Friday of the Fifth Week of Lent
Commemoration of the Compassion of the Blessed Virgin Mary
Judith 13: 1720
Psalm 30, 2-3B, 3C-4, 5-6, 15-16, 20 (R. 17B)
Hebrews 5: 79
Sequence Stabat Mater
John 19: 2527
April 7, 2006
On April 11, 1930, the Friday before Palm Sunday and the Commemoration of the Compassion of the Blessed Virgin Mary, in the early morning light, a few young women and the priest who was a father to their souls descended into the darkness of the crypt of the Basilica of the Sacred Heart at Montmartre to offer the Holy Sacrifice at the altar of the Sorrowful Mother. It was during that Mass that Suzanne Wrotnowska pronounced the Act of Consecration that mysteriously contained within itself, as the Constitutions say, “all our consecrations to come.”
The Entrance Antiphon that morning was the very same one you sang a few moments ago: “Standing beside the Cross of Jesus were His mother, and His mother’s sister, Mary the wife of Clopas, and Mary Magdalene” (Jn 19:25). The verse evoked the presence of Saint John: “Woman, behold thy son, said Jesus: then to the disciple, Behold thy mother.” In these few lines from Saint John’s Gospel, repeated in the liturgy, we see the entire mystery of the Church gathered around the Cross of Jesus to participate in His sacrifice, and to receive from His mouth the gift of the Holy Spirit. The Entrance Antiphon today is an icon of the Benedictines of Jesus Crucified with the Cross, the Tree of Life, planted in the heart of the Congregation.
This is context in which, today, I want to meditate with you the Act of Consecration that sprang from the heart of a twenty-seven year old woman three-quarters of a century ago. It is a prayer that has, in one way or another, directly or indirectly, marked all of us.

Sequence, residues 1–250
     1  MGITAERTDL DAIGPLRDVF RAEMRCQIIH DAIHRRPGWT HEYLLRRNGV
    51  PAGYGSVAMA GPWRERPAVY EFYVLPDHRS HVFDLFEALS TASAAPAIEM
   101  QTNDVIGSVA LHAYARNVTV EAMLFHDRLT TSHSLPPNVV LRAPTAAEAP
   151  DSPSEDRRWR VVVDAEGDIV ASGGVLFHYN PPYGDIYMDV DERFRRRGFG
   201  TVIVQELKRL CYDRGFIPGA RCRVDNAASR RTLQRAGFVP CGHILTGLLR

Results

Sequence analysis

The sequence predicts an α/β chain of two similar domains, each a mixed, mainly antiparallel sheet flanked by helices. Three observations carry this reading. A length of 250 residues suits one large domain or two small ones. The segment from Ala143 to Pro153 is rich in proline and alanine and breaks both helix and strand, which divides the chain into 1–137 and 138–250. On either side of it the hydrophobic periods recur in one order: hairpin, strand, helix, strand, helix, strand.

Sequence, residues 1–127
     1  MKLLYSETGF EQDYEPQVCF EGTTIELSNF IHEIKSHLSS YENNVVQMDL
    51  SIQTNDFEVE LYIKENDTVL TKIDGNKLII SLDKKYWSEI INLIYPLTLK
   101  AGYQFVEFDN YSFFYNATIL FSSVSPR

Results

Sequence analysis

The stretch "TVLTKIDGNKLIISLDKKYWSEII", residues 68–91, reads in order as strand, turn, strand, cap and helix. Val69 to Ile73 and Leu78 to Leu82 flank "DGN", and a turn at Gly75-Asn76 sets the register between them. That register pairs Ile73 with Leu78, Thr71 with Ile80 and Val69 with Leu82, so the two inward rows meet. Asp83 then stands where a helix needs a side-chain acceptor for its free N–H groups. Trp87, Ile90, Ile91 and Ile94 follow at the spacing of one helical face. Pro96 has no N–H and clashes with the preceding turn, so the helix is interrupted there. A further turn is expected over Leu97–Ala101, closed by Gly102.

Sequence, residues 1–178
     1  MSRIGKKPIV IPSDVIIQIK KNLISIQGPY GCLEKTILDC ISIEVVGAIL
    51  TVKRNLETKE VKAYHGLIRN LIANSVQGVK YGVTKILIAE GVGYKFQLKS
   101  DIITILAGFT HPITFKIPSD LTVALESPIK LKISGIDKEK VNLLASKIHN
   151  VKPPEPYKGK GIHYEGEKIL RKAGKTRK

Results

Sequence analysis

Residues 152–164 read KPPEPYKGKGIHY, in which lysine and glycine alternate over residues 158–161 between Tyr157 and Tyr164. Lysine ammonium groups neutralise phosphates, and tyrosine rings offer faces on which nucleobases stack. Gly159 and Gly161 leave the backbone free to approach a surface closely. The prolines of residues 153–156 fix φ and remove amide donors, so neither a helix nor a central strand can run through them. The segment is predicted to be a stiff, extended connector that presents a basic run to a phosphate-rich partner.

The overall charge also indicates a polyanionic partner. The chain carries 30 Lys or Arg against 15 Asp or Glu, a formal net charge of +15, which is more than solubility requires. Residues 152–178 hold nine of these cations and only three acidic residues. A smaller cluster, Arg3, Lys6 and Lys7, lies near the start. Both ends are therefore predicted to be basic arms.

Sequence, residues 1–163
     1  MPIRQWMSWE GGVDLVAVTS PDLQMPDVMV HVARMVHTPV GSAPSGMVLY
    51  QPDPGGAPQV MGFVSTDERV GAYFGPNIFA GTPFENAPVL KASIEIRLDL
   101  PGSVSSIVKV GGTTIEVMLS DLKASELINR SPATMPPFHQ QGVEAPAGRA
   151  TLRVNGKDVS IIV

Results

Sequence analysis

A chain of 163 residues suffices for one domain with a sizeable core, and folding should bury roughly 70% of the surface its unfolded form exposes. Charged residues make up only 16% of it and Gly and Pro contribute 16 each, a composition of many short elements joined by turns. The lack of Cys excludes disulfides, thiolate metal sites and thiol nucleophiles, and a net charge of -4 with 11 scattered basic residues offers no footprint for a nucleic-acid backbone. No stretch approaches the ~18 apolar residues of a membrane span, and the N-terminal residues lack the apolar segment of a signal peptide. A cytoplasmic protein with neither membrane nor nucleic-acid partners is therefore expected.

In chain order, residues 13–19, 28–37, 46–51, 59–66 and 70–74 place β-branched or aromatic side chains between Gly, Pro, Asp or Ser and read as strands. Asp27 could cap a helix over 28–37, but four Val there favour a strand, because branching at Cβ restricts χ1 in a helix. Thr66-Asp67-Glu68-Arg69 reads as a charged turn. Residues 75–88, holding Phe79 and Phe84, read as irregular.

Lord Jesus. She says, “Lord Jesus.” She uses the language of Saint Paul. “No one can say ‘Jesus is Lord’ except by the Holy Spirit (1 Cor 12:3). “Let every tongue confess that Jesus Christ is Lord, to the glory of God the Father” (Phil 2:11). When we call Jesus “Lord,” we confess the glory of His resurrection and ascension; it is the name what sums up the whole mystery of Christ. When to this title of “Lord,” we add the Holy Name of Jesus, we know that we are close to His Humanity. The intimacy with Christ that Mother Marie des Douleurs expresses here, authorizes the boldness, the audacity, the passion of all that follows.
We desire but one thing on earth. You recognize right away the resonances with the psalm: “I am always with Thee; Thou dost hold my right hand. Thou dost guide me with Thy counsel. . . . Who have I in heaven but Thee? And there is nothing on earth that I desire besides Thee” (Ps 72: 23-25). And again, “One thing have I asked of the Lord, that will I seek after” (Ps 26:4). Here Mother Foundress touches on the essential of the monastic life: to be a man, a woman, of one thing alone. It is the one thing only concerning which Jesus said to Martha of Bethany: “One thing is necessary. Mary has chosen the better part, which shall not be taken away from her” (Lk 10:42). This expression, “one thing only” or “only one desire,” will recur four times in the text. This alone tells us much about its inspiration.
To disappear and be transformed into You. Again, this is the language of Saint Paul, an élan that goes straight to the Person of Christ: “I have been crucified with Christ; it is no longer I who live, but Christ who lives in me (Gal 2: 19-20), “Indeed I account everything as loss because of the surpassing worth of knowing Jesus Christ my Lord. . . . that I may know Him and the power of His resurrection, and may share His sufferings” (Phil 3: 8, 10).
Be transformed into You. This transformation is not the fruit of our poor efforts. It is the work of the Holy Spirit in us. To consecrate oneself is to hand oneself over to the action of the Holy Spirit, an operation that is mysterious and often imperceptible, but always efficacious. “And we all, with unveiled face, beholding the glory of the Lord, are being changed into His likeness, from one degree of glory to another; for this comes from the Lord who is the Spirit” (2 Cor 3:18).
Only through Your love can we glorify the Most Holy Trinity. The doxological thrust is striking: the primacy given to praise, praise through the mediation of Christ. “”He destined us in love to be His sons through Jesus Christ, according to the purpose of His will, to the praise of His glorious grace” (Eph 1:5). Later on, Mother Marie des Douleurs will return repeatedly to the doxology of the Eucharistic Prayer: “Through Him, and with Him, and in Him, in the unity of the Holy Spirit, all glory and honour is Yours, Almighty God and Father, forever and ever.” This doxological movement is what detaches us from ourselves and frees us to go toward God for God alone.